The saying “sticks and stones will break my bones but words will never harm me” has always struck me as hopeful but distinctly improbable these days. Why do some people think being called “pretty” is not a compliment? How do people describe themselves and others and why do they choose those words? How do the words we use change over time or depending on to whom we are talking?
This interactive project asks participants to use stones with descriptive words written on them to explore questions of identity and community. It can be used by groups and at events for community building, identity exploration, mediation/self-esteem exercises, and word exploration for students and adult writers, including playwrights and poets. The installation includes a 6-foot seesaw and restaurant bins marked “clean” and “dirty” for sorting the words—offering opportunities to literally “weigh words” and consider how carefully we select the words we use when we describe ourselves and others.
With over 1,400 crowd-sourced words, and growing, this project is a collaborative effort. Participants are invited to be as creative as they wish with the stones – making cairns, writing poetry, taking selfies, or simply selecting words that speak to them.
I hope visitors to this site and those who interact with the installation itself will enjoy the process of thinking about and sorting the stones and words. This is just a jumping off point for many discussions about identity, language, and human interaction. I look forward to hearing visitors’ reactions and thoughts, as well as getting feedback about the installation itself. What works and doesn’t work? Is it art? If not, what is it? You know… the usual….
The installation includes:
River stones covered with paper, each with a descriptive word written on one side. I started with about 700 words, and as of July 2017, the list is close to 1,500 words long. Yes, I could have just written on the rocks and avoided the time and effort of covering them with paper. But I am a paper artist and I love covering things with paper—it abstracts objects, in this case making the stones more uniform, and references the children’s game Rock, Paper, Scissors.
The stones vary in size. Because each person will have a different interpretation of which words should weigh more, I tried to pick the sizes randomly. Some more common words are on larger stones, if only to make them easier to find. For the list of words, follow this link or see the Word list page. If you think that a word is missing, let me know, and I will add it.
A seesaw with bowls on either end into which people can put rocks that describe themselves to see how they compare – literally see which side has more weight. Among the many possible ways to use the seesaw are: One person can fill both sides of the seesaw – one side with what they consider positive attributes and the other with negative, or one side with how they see themselves and the other with how they think people see them. Or two people can fill the bowls, each describing themselves or each other. See the Seesaw activities page for more info.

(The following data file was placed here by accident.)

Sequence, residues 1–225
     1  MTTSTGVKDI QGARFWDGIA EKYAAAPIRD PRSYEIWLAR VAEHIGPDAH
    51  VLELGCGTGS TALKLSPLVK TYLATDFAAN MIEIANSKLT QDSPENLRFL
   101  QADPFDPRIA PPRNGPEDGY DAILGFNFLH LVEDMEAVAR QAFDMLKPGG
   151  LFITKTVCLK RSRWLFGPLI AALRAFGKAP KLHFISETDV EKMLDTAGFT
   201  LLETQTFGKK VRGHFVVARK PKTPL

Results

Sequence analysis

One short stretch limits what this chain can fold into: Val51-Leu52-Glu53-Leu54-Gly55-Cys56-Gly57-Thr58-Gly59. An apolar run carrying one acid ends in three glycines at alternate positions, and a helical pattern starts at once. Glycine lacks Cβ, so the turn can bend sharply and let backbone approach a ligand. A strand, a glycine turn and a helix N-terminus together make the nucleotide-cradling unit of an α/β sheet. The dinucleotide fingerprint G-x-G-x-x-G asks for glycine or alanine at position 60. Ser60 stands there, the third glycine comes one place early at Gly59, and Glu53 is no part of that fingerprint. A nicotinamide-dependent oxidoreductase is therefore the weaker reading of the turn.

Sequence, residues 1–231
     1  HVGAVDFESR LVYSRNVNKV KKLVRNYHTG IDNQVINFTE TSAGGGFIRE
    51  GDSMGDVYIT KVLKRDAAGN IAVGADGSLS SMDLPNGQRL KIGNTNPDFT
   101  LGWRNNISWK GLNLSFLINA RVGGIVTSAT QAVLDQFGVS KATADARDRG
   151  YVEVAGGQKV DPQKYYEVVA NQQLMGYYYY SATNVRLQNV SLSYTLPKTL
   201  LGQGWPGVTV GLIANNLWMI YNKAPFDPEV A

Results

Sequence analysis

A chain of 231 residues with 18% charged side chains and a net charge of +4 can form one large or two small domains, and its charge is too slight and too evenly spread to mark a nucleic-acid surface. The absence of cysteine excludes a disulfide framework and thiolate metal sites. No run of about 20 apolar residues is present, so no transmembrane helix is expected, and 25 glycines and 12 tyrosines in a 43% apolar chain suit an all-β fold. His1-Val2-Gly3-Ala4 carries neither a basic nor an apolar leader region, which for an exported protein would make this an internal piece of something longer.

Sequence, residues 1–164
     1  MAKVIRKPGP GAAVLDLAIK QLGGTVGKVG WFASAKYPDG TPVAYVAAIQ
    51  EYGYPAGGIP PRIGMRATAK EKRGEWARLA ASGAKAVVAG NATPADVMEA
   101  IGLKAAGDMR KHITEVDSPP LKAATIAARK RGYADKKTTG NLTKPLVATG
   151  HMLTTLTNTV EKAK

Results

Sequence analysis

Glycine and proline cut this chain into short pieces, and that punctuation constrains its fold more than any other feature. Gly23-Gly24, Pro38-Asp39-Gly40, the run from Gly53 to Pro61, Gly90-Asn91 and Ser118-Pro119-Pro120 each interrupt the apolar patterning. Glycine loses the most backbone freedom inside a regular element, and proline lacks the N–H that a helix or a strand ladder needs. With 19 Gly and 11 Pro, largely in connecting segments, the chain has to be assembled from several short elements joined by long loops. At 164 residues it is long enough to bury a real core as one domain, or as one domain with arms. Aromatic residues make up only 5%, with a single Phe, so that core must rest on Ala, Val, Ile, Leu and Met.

Two dish vats for sorting “clean” and “dirty” words. These were fairly self-explanatory. I hoped people would think about why they designate some words as “clean” and others as “dirty.” How do words change in different contexts or when used by different people?
A recycling bin for “used” words. This was mostly an excuse to remind people to recycle, because it is one of my obsessions, and hey, it’s my installation….
A trash can for words that you want to remove from circulation. Perhaps you find them offensive. Perhaps you have a young child with you and you don’t want them to see “bad” words. As long as you tell me (either personally or by writing in the notebook on site) why you removed a word you may put it in the bin. But know that anyone else is allowed to take words out of the bin if they want to, and they have to tell me why they want to take words out.
Some extra bowls for sorting and moving stones/words around.
Previous venues – I have presented the project publicly three times – first at at Artomatic 2012 in Crystal City, VA (blog entry here), then in the outdoor arts festival FIGMENT NY in June 2013 (blog entry here), and most recently at the Atlas Intersections Festival in Washington (DC) in early 2016 (blog entry here).
The project is available for diversity training sessions for corporations and non-profits; and I am looking for opportunities to work with prison communities, returning military veterans, and other populations dealing with issues of recovery and self-awareness. I have worked with teachers to develop exercises for students from early readers through college, sometimes using more focused groups of words, to explore topics such as empathy, identity, and bilingual language learning.